Got the replacement for 308439-001 or 308617-001? Read on to find out how to remove and replace it.
Although the PC has been designed to be mostly tooless when it comes to basic servicing, HP has made it overly difficult to remove and replace proprietary components such as the PSU. HP have made the assumption that the PSU should almost never fail, whilst the motherboard is designed to be easily replaced if it ever does fail. More often than not, the reverse is true - the PSU has a fail rate at least 10 times that of the motherboard!
If you follow these instructions, you will save yourself a lot of hassle trying to figure it out yourself. At most, only about 5 screws need removing. This method also is the least complex, and will take about ten minutes.
Before you start, make sure you have a TORX screwdriver bit that will fit the screws on the back of the d530 PC. You may also need scissors or side cutters to cut a cable tie or two. Other than that, additional tools are not required.
|Step 1||Position the d530 PC on a work bench so that the back is facing you.|
|Step 2||Open and remove the lid (hood)|
|Step 3||Remove the front plastic cover (the three clips hold it in place). Remove the PCI riser backplane card.|
|Step 4||Using a TORX (star) screwdriver bit, remove the screws from the back of the PC. This includes the uppermost left and right, the one at the power supply, and also the ones securing the hood lock. The hood lock uses security TORX screws (they have a centre post), whilst the rest of the screws can be removed using either a torx bit or a flat blade screwdriver. You can opt not to remove the hood lock, if you're careful enough when removing the panel so as not to foul the hood lock PCB onto the side of the casing.|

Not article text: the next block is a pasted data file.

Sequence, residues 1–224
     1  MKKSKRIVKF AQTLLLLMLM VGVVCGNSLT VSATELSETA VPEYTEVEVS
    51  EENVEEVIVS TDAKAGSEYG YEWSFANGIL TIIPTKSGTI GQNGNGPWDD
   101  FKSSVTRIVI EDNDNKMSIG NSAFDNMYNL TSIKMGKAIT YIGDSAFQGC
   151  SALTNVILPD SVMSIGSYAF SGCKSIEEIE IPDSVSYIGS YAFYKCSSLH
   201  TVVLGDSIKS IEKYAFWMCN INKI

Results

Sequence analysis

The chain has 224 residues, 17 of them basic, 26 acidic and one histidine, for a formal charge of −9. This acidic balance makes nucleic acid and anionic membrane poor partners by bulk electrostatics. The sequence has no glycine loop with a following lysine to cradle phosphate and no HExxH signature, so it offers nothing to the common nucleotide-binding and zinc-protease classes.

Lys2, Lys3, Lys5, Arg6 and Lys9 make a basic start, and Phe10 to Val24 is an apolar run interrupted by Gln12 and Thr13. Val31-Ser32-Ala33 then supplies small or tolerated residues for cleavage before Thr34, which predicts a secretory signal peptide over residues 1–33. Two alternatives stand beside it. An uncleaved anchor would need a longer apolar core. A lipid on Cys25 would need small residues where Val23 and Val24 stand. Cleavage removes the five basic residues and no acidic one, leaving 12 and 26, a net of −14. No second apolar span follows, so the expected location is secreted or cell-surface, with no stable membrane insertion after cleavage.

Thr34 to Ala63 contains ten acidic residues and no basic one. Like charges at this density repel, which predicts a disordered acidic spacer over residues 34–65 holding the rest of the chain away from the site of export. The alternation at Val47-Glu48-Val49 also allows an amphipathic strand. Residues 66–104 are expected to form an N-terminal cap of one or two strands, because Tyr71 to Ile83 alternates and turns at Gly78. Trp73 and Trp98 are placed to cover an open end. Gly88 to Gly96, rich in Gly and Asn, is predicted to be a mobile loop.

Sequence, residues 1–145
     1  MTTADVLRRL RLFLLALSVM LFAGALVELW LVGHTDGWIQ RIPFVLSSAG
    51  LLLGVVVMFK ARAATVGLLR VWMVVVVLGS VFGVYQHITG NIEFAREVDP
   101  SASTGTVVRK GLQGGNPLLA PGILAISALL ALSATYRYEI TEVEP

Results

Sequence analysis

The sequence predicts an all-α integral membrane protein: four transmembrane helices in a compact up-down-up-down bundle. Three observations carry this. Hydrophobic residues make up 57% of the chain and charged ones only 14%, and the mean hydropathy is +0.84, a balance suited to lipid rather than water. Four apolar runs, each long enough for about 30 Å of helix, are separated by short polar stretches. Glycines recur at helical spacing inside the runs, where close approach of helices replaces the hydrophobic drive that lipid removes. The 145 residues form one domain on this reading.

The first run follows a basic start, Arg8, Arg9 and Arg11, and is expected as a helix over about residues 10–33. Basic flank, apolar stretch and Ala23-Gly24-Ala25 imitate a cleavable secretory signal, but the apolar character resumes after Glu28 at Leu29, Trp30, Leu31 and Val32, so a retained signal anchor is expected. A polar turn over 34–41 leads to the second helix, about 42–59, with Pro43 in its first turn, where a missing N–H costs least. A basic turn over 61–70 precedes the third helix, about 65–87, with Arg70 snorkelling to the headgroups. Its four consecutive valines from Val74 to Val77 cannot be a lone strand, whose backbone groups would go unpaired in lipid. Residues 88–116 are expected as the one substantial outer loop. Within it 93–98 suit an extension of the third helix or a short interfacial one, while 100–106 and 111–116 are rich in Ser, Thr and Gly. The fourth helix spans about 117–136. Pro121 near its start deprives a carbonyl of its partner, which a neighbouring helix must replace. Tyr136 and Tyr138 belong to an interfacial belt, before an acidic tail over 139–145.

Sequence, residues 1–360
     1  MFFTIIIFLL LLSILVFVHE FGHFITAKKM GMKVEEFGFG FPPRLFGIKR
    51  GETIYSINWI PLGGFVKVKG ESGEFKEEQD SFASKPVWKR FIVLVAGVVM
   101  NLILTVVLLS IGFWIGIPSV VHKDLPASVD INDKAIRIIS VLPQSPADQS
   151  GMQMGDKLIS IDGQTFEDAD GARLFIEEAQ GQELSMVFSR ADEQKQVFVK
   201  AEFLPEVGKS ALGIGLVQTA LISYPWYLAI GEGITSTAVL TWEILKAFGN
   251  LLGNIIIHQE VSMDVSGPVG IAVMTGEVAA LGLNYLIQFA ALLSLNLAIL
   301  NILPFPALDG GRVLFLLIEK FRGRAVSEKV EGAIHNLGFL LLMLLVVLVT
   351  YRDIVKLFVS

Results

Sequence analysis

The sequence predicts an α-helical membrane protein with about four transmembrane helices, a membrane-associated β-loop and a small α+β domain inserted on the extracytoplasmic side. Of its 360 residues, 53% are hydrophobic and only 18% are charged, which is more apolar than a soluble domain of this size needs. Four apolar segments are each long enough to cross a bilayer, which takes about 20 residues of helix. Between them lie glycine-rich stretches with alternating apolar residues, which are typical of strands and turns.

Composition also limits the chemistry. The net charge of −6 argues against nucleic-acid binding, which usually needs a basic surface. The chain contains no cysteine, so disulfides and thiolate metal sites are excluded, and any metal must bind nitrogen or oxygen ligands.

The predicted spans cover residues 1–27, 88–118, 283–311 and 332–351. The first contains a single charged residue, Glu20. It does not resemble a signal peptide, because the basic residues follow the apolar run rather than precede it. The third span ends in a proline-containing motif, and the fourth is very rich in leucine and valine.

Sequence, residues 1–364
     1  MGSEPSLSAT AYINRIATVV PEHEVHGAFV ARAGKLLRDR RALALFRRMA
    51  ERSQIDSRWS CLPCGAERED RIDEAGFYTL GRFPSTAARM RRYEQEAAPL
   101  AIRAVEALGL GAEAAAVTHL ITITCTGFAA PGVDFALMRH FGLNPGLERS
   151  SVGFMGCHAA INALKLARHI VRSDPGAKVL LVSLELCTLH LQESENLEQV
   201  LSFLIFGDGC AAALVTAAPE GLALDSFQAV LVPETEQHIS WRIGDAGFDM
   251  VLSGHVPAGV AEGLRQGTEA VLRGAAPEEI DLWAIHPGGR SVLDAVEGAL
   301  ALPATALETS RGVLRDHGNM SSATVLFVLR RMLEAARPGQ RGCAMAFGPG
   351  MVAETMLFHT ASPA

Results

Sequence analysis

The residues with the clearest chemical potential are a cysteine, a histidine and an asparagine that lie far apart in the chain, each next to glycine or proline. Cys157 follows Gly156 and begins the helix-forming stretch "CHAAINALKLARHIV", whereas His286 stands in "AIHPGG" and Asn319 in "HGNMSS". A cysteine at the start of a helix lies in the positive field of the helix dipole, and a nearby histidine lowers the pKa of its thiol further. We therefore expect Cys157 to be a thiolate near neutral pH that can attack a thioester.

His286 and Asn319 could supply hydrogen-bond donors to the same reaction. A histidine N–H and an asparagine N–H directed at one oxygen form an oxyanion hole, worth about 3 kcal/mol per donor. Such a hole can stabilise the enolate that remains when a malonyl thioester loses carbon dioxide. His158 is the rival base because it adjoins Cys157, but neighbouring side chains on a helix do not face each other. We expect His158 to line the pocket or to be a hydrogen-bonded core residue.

|Step 5||Lift up drive tray|
|Step 6||Slide the motherboard out to clear the back panel, by lifting the green release catch and pushing the motherboard back about two centimeters so it lies loose (otherwise the back panel cannot be removed in the next step).|
|Step 7||Carefully pull the top of the back panel away. Once it has reached an angle of about 20 degrees, the bottom can be pulled out. Be careful not to damage the copper clips (they help create good electrical contact).|
|Step 8||Remove the black tamper switch (the one with the red and black wires; the switch is above the power supply unit, next to the speaker).|
|Step 9||Lift the motherboard up on the left side, and rest it on the side of the case. The other side of the motherboard can rest on the cutouts on the bottom of the case, which will stop the board sliding back down. Try not to lift the motherboard by the centrifugal fan, otherwise you will put excessive strain on the CPU heatsink bracket, which can break.|
|Step 10||Disconnect the 20-pin ATX, 4-pin 12V and the 2-pin 'Fan Command' cables from the motherboard.|
|Step 11||The power supply can now be partially removed by sliding it out.|
|Step 12||Wiring looms are tied with zip-lock cable ties. On some models, the zip-lock fastener includes a tab, which can be used to release the lock, allowing the cable tie to be opened and re-used later.|
|Step 13||Untangle the power supply wires from the other looms. Remove the power supply.|
Once you have your replacement unit, re-installation is the reverse of the above. Be certain that none of the wires get poked into the fan grille of the PSU. If the PSU fan is jammed, it will overheat and blow up again!